Monday, March 26, 2012

Readings from the Intensive

I read these passages before puja and pranayama on Day 3, Day 4, and Day 5 of our intensive. I thought I'd pass them along as they proved quite meaningful for us. Enjoy. 

I will write  more soon, because really, there is so much more to write about. It was a major week that was also incredibly sane, grounded, joyful and easeful.  I am inspired and restored from a week of no-nonsense, back-to-the basics-bad-ass-asana, wonderful company, deep conversation, authentic sharing, joyful laughter and a whopping dose of the Teaching. Again, more soon.


"We chant so that at the very beginning that feeling of sanctification comes from inside, with the feeling of surrendering oneself, because nothing can be learned in this world unless you have the humility to learn. So the moment you think of the Lord at the beginning of doing a practice, you know you are very small in front of that greatest soul. Once that is understood then the other problems which always arise while practicing, mainly concerned with the ego, will be affected. You know that you are "coming down" to learn something. And you can't learn anything unless you come down; if you think you are on top and you know everything, then you are not a learner at all. In that sense, the chanting helps."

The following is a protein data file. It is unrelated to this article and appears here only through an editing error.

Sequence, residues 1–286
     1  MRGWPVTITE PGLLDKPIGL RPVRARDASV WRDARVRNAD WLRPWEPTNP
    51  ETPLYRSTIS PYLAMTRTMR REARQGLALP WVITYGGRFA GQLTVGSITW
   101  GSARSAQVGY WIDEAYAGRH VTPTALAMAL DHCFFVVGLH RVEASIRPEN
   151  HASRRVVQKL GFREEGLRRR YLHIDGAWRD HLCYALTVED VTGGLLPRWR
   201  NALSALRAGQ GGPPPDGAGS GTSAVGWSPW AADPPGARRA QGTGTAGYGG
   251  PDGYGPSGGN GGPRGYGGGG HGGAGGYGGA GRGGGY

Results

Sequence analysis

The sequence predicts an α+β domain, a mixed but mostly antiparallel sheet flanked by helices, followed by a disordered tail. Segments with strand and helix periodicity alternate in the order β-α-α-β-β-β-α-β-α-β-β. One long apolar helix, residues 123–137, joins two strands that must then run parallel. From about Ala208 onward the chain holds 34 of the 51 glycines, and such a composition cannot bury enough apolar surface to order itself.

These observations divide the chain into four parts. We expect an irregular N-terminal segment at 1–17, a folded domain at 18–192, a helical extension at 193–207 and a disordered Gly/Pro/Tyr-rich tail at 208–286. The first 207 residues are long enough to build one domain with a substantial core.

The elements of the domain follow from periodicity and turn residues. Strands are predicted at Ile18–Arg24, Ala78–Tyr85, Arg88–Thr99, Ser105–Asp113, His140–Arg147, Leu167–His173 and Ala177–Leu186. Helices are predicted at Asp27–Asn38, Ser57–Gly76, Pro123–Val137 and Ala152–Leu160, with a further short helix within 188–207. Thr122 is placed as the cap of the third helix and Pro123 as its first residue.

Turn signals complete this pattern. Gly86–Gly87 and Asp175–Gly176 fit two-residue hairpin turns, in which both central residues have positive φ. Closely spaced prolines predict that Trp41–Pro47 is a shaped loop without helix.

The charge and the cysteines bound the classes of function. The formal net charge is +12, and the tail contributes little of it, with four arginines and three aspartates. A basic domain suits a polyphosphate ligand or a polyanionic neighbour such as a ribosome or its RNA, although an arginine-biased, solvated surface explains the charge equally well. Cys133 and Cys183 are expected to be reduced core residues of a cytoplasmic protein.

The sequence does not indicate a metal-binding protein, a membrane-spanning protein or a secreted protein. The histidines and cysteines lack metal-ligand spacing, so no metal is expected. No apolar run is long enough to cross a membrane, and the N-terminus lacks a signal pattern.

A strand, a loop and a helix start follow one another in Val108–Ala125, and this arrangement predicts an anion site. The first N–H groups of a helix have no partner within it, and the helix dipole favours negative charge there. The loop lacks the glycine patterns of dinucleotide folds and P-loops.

-Geeta Iyengar


"Whatever you do, whatever you eat, 
whatever you offer, whatever you give, 
whatever austerities you perform, Arjuna, 
Do that as an offering to Me.
-Bhagavad Gita, verse 9:27


In A Tree House

Will someday split you open
Even if your life is now a cage,

For a divine see, the crown of destiny,
Is hidden and sown on an ancient fertile plain 
You hold the title to.

Love will surely bust you wide open
Into an unfettered, blooming new galaxy

Even if your mind is now
A spoiled mule.

A life-giving radiance will come,
The Friend's gratuity will come-

O look again within yourself,
For I know you were once the elegant host
To all the marvels in creation.

From a sacred crevice in your body
A bow rises each night
And shoots your soul into God.

Behold the Beautiful Drunk Singing One
From the lunar vantage point of love.

He is conducting the affairs 
Of the whole universe

While throwing wild parties
In a tree house- on a limb
In your heart.


Saturday, March 24, 2012

Spring Intensive Day 3

Well, we had a really wonderful- and long day yesterday. We began at 9am with puja and pranayama and Manorama was here for satsang last night so she didn't finish till after 9:30pm. So wow.

We spend the morning playing in deep back bends- lots of work on bhekasana, supta bhekasana and then urdhva danurasana, drop backs, standing up and even viparita chakrasana. We had all the toys out- the ramp, what back bender (sometimes known as "the whale") and it was a good, solid 3 1/2 hour practice. In the midst of the morning I kind of shared some thoughts on community which have been on my mind a lot lately. Interestingly enough, later that evening Manorama touched on a similar theme.